This image of the cross of death as the tree of life is from an illuminated manuscript in the British Library (BL Stowe 39, f. 23v). If you follow the link you'll find a wealth of other ancient Christian images.
This image comes from the Book of Deer, the earliest surviving example of Gaelic literature from Scotland.
The Book of Deer is an illuminated Christian text, similar to the Book of Kells. It is named after the monestary of Deer and contains portions of the Gospels of Matthew, Mark and Luke, a portion of an Office for the Visitation of the Sick, the complete text of the Gospel of John and the Apostles' Creed.
What sort of spirituality do you normally associate with Vikings?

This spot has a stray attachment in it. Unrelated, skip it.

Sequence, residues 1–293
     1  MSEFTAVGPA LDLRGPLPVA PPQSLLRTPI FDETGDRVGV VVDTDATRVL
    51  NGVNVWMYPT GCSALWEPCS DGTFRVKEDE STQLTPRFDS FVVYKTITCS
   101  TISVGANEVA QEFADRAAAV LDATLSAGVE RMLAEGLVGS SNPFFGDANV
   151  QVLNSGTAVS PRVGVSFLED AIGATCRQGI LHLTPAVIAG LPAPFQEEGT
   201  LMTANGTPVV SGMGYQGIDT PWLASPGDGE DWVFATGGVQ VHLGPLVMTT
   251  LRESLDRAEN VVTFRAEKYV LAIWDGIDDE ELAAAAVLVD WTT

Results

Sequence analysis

Maybe the ancient myths of Valhalla come to mind? Tales of Odin, Thor and Freyr?
Yesterday we saw a different side to Viking spirituality as my family and I explored the Vikings - Beyond the Legend exhibition currently showing at the Australian National Maritime Museum.
In this photo you can see, not only a celtic cross, but also a miniture Buddha that was recovered from Viking ruins. It was the Buddha that particularly surprised me. I was aware that Viking trading was extensive, stretching as far as Byzanteum. But to think of Vikings as being influenced, however obscurely, by Buddhism, was new to me.
Far more prominently were the Pagan and Christian influences on Viking Religion, with statues of Loki and Jesus all provoking my interest. Following are a few more photos I took on the day. See if you can guess who's who.